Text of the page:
Originally Posted by c2ski
Background: Male, 27 years old. Height: 6'0" (long legs). Weight 150 lbs (yes, light). Expert (Level 8/9) skier. Typically ski ~25 days/yr, mostly soft snow (west coast), off-piste, steep terrain (i.e. not racing on hardpack). EXTREMELY narrow foot, 11 AAA (especially narrow in forefoot), low arch, chicken legs. Current boots: Salomon Integral Equipe 7.0, size 28.0, circa 1994, with standard superfeet insole in addition to stock insole.
1.) Can you explain the general bootfitting process for an "extreme" case such as myself? Are fully custom liners a possibility/requirement?
2.) I've seen your recommendation of the Nordica Dobermann for other people with narrow feet - is this what you'd recommend in my case? Any other recommendations for a good "starting boot"?
3.) Can you give a ballpark estimate for the cost of the necessary bootfitting by a reputable bootfitter?
4.) Am I likely to notice a large difference in my skiing with new, properly fitted boots? To be honest, I'm a little hesitant to spend a large some of money for boots that may not be as comfortable as my old slipper-like (too loose, I'm sure) salomons.
Thank you very much for the advice!
All hail the king of the chicken skiers!
Wow, 11AAA is truly narrow. Not people write in with narrower feet than mine. I am going to write some advice and then answer your questions.
First, you need the narrowest/ lowest volume boot you can find, preferably as short as is still reasonably comfortable. Ideally, they will not be too stiff. Some good choices are the Head RS 96, Dolomite Z 110, Nordica Dobermann WC 150 (avoid the Pro models), and Salomon X2 (their full race boot is very tight in the toes). A long shot is the Atomic Race Tech TI in an XS flex. (It is super snug in the heel, but roomier in the forefoot.) Rumor is they will have a foam liner available this year. Then, after you find your shell, have them ground if you have any pressure spots.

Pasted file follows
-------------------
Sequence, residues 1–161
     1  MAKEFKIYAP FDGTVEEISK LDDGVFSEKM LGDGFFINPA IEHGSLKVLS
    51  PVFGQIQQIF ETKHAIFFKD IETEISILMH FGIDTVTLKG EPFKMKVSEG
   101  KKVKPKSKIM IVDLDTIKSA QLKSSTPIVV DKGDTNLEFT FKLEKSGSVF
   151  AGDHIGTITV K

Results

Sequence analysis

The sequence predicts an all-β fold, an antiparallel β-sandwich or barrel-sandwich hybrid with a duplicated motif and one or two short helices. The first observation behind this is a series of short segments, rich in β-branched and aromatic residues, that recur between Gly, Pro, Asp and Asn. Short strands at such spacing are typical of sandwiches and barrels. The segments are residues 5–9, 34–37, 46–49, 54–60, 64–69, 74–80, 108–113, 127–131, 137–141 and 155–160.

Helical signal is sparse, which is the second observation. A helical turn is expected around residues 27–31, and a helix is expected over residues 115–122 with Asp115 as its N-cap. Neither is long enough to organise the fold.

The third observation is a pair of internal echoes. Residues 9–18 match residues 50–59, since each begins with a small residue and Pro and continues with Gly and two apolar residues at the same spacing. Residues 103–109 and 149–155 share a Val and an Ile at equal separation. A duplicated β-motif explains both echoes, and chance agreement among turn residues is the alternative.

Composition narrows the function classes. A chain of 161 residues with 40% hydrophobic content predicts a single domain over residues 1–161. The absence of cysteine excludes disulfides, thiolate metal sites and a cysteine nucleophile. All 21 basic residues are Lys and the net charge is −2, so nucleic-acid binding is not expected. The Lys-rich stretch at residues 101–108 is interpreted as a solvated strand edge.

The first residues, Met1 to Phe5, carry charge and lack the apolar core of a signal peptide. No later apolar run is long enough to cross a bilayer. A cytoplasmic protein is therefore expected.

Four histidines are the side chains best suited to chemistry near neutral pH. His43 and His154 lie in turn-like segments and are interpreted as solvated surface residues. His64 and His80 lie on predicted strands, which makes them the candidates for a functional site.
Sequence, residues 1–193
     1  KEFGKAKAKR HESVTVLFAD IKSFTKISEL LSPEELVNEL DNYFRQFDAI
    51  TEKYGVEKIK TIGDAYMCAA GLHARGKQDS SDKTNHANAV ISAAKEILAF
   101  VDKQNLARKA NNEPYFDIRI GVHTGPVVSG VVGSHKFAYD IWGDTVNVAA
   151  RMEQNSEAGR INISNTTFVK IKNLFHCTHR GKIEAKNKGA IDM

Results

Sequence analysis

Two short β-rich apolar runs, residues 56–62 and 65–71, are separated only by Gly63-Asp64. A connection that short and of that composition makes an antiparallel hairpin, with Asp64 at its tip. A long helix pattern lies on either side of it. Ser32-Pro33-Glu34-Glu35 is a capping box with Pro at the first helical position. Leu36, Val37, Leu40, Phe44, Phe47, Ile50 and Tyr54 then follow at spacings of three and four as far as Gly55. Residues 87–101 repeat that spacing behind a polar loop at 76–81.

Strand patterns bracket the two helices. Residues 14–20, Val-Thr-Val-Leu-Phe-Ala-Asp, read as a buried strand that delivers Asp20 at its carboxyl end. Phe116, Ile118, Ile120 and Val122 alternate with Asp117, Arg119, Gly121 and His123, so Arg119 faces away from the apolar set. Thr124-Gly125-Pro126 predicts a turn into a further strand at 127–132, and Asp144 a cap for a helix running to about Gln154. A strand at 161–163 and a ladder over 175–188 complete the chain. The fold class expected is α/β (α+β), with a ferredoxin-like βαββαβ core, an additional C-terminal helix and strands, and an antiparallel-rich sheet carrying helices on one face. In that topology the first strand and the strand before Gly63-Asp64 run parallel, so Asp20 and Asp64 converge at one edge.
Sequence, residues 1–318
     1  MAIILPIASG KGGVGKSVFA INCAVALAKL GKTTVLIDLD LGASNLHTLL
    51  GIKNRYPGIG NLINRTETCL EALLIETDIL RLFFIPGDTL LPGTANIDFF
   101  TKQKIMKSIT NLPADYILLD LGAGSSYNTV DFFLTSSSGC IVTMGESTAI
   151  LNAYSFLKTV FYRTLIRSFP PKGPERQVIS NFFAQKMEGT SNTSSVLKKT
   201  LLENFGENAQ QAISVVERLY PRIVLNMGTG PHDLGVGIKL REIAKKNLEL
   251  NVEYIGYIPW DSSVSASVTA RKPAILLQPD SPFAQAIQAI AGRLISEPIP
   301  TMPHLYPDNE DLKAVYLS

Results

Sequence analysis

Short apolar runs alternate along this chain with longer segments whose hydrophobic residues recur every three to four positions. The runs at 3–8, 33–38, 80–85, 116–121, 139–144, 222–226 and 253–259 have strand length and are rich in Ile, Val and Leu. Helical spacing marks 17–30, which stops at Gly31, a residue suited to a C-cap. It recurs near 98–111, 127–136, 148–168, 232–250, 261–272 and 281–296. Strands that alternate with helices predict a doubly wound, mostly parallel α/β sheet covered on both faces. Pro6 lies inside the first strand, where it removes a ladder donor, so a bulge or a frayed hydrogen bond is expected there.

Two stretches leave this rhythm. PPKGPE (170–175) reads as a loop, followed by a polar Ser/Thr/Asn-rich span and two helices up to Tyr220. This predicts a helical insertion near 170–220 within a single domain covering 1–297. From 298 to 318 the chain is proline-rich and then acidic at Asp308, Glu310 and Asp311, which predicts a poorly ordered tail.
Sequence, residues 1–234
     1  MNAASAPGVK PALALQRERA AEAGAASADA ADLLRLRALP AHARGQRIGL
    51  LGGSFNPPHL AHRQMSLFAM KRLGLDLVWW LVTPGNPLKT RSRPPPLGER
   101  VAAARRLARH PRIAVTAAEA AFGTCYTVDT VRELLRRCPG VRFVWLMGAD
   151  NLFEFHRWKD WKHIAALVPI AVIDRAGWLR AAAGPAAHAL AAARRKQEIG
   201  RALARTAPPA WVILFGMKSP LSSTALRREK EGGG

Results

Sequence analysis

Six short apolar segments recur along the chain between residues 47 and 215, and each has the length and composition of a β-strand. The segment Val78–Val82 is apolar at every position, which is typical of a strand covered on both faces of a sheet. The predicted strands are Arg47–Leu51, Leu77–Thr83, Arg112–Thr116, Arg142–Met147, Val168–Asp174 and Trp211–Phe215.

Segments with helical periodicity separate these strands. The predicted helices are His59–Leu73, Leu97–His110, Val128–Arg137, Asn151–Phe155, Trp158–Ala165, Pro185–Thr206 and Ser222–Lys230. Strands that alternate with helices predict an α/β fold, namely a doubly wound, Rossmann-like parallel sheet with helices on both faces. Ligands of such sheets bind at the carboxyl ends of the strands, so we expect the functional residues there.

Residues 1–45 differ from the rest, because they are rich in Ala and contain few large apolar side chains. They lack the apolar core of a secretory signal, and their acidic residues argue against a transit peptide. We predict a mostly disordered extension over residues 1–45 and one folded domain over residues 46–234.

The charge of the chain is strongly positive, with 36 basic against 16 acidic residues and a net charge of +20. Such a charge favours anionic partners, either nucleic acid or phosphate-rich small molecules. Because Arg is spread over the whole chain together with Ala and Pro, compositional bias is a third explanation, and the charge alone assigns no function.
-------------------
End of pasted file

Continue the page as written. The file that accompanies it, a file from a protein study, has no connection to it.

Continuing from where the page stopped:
From there you may want a different liner. The ideal situation would be to find a thicker liner from another boot (obviously, test it for comfort) that will hold your foot better. Sometimes you can find leftover production boots that work well. If this does not work, you may have to go with a foam liner, but do not be surprised if you lose some feel for the snow with this option.
Then get the boots professionally aligned. Use the best tech you can find, and become friends with him/ her because you will probably be spending some time together.
1. Covered above.
2. Covered above.
3. Cost will depend on how much work you need. If you are lucky, you will not require any major canting, so costs will be limited to footbeds and fitting. If you are very unlucky, you will require foam liners, canting, footbeds, fitting, internal ramp work, binding ramp work. This might require a second mortgage. I really do not care to guess on any of the prices, either way.
4. Yes, you will be amazed at the difference. Imagine driving an old american car with a loose steering rack. You turn the steering wheel, but the car does not move. Both turning and going straight are difficult. That is similar to what you are using now. (Still, you could have done worse with your boot choice.)
Now picture driving a new Porsche down the road. Every imput you make to the steering wheel is transmitted to the car. You think move, and the car goes where you want it. This is what you could have. (Assuming you make the right choice, and get a good boot tech.)
Lastly, what I would really prefer is if Dalbello would make a narrow plug version of their Krypton boot. That should be able to hold your foot, and ski rougher terrain beautifully. I think everyone with low volume feet should ask them to do just that. IMO.